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for Grades 9-12

June 24, 2024
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For Grades 9-12 , week of June 24, 2024

1. WARNING LABELS

The Surgeon General of the United States, reflecting on lessons from medical school, recently emphasized the urgent need to address the mental health crisis among young people caused by social media. Studies show spending more than three hours daily on social platforms doubles the risk of anxiety and depression symptoms for teens. He proposed adding a surgeon general’s warning label to social media, similar to tobacco warnings on cigarette packaging, to highlight these risks and prompt safer use. Recommendations include legislation to protect children online, creating phone-free zones, and delaying social media access until after middle school. The call to action stresses the need for societal, parental, and governmental collaboration to safeguard children from social media’s harmful effects. Do you think a surgeon general’s warning on social media sites would be effective in curbing the harm done to young people by excessive social media use? Write an opinion article that shares your perspective on whether or not this would be a helpful step, using research to back up your claims.

2. TRUMP’S SURPRISING SUGGESTION

Former President Donald Trump, in a recent interview, proposed giving automatic green cards to foreign students graduating from U.S. colleges, a departure from his usual tough stance on immigration. He discussed this plan in a podcast with venture capitalists, emphasizing that any college graduate, including from junior colleges, should receive a green card alongside their diploma. This proposal contrasts sharply with Trump's typical rhetoric, where he often criticizes illegal immigrants for safety risks and job competition. Despite this, during his presidency, Trump also aimed to restrict legal immigration through policies like the "Buy American and Hire American" executive order. He criticized programs like H1-B visas for allegedly undercutting American workers, despite having used H1-B workers in his business ventures previously, but highlighted the potential contributions of skilled foreign graduates to U.S. businesses. Write a summary of this story, using research to contrast this suggestion with the former president’s previous policies and stances on immigration in the U.S.

3. SUPREME COURT UPHOLDS GUN LAW

The Supreme Court recently upheld a law that stops people under restraining orders for domestic violence from having guns. They ruled 8-1 to support the law from 1994, saying it makes sense to only apply after a judge decides someone is a real threat. Chief Justice John Roberts wrote the decision while Justice Clarence Thomas was the sole dissenting opinion. President Biden praised the ruling, saying it protects abuse survivors. The case came from a Texas man, Zackey Rahimi, who had guns while under a restraining order. This ruling could affect other gun laws too. Read more about Justice Thomas’ dissent opinion and what he believed the Supreme Court should’ve done differently. Then, write an article that summarizes the case that brought this issue to the Court and the different opinions of the justices about it.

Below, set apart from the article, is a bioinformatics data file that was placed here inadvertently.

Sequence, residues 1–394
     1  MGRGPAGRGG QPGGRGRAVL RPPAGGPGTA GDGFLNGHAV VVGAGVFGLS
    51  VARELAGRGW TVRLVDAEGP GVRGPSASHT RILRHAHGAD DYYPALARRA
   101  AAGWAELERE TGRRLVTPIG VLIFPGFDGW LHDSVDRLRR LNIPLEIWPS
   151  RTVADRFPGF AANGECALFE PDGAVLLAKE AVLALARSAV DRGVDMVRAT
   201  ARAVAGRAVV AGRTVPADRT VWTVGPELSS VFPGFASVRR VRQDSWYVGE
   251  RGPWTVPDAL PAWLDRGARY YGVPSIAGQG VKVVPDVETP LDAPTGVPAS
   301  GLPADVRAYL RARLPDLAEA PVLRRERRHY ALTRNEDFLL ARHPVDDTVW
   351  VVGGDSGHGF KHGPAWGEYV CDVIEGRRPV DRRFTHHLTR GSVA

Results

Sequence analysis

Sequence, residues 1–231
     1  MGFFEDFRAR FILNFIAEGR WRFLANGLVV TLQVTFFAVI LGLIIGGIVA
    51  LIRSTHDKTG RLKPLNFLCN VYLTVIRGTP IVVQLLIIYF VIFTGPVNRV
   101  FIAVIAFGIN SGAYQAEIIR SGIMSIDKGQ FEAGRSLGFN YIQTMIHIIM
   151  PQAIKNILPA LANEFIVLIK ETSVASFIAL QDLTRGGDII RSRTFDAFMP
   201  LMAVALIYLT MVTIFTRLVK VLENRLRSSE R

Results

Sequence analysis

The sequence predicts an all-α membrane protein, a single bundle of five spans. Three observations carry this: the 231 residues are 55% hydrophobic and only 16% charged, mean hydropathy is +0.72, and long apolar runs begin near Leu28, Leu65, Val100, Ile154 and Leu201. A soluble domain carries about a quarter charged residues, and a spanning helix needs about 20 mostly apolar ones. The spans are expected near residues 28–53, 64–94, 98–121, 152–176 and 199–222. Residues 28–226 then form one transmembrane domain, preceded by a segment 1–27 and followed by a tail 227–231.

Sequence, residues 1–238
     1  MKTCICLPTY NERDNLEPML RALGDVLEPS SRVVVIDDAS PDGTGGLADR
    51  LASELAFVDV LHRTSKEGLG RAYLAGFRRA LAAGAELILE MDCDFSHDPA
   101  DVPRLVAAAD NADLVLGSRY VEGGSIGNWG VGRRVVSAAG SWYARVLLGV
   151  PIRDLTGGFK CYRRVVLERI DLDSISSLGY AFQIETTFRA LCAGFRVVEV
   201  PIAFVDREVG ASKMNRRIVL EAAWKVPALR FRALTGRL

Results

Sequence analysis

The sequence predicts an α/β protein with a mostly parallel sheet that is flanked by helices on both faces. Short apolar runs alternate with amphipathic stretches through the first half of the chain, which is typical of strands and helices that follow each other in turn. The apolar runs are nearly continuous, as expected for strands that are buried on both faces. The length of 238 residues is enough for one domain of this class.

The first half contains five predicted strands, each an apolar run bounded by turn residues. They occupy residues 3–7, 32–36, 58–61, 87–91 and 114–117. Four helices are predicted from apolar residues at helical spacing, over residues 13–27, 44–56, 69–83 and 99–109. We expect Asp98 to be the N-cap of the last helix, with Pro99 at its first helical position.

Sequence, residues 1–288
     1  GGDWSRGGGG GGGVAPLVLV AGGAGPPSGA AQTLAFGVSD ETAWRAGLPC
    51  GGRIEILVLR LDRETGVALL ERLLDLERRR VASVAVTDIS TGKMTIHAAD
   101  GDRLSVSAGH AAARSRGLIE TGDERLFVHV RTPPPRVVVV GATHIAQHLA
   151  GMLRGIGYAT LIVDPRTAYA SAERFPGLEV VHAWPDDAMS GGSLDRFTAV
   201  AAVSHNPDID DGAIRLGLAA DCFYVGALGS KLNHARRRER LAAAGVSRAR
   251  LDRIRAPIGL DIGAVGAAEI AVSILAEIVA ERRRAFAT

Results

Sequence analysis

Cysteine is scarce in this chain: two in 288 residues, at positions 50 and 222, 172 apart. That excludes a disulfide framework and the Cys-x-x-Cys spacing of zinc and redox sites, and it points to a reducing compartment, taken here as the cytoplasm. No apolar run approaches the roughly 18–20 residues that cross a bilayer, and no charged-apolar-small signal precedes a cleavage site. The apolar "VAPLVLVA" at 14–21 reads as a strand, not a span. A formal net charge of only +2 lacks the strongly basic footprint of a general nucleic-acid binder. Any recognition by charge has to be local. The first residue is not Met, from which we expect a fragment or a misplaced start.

4. A SCHEME IN EGYPT

In Gaza, most people can only leave through Egypt, which is hard and costly. They pay thousands of dollars to a company linked to Egypt's government for approval to cross the border. About 100,000 people have left Gaza recently, mainly using a company called Hala. Hala charges up to $5,000 for adults to leave, causing financial strain on the already desperate people of Gaza. Critics say it offers a VIP service, but some users report basic treatment. There are allegations of corruption involving Hala and Egyptian officials, though they deny it. Read more online or in your newspaper about Hala and the costly services they offer to those desperate to flee the war-torn Gaza region. Then, write an article that summarizes this story and the ethical issues at hand.

5. EXPOSÉ ON PHARMACY COSTS

A recent exposé from the New York Times shares how Americans pay too much for prescription drugs. People often blame drug companies, insurers, and the government but another group called pharmacy benefit managers (P.B.M.s) also play a significant role. P.B.M.s oversee drug prescriptions for millions of Americans. Their job is to lower drug costs, but they often do the opposite by steering patients to more expensive drugs, marking up prices, and charging hidden fees. These practices lead to inflated drug prices, affecting everyone, even those who don't take prescription drugs. Many people only discover P.B.M.s when they face problems getting their medications due to complex approval processes. Despite claims of saving money, investigations show that P.B.M.s prioritize their financial interests over patients and employers. P.B.M.s negotiate drug prices with manufacturers and manage how drugs are sold, often favoring more expensive options. They also own pharmacies, which they push patients to use, limiting choices and potentially inflating costs. Despite criticism and legal challenges for overcharging, P.B.M.s continue to dominate the prescription drug market, affecting millions of Americans' healthcare costs. If you were going to write a story about this issue, write an outline of the angle you would take, what sources you would use, and what questions you would ask interview subjects to report on this.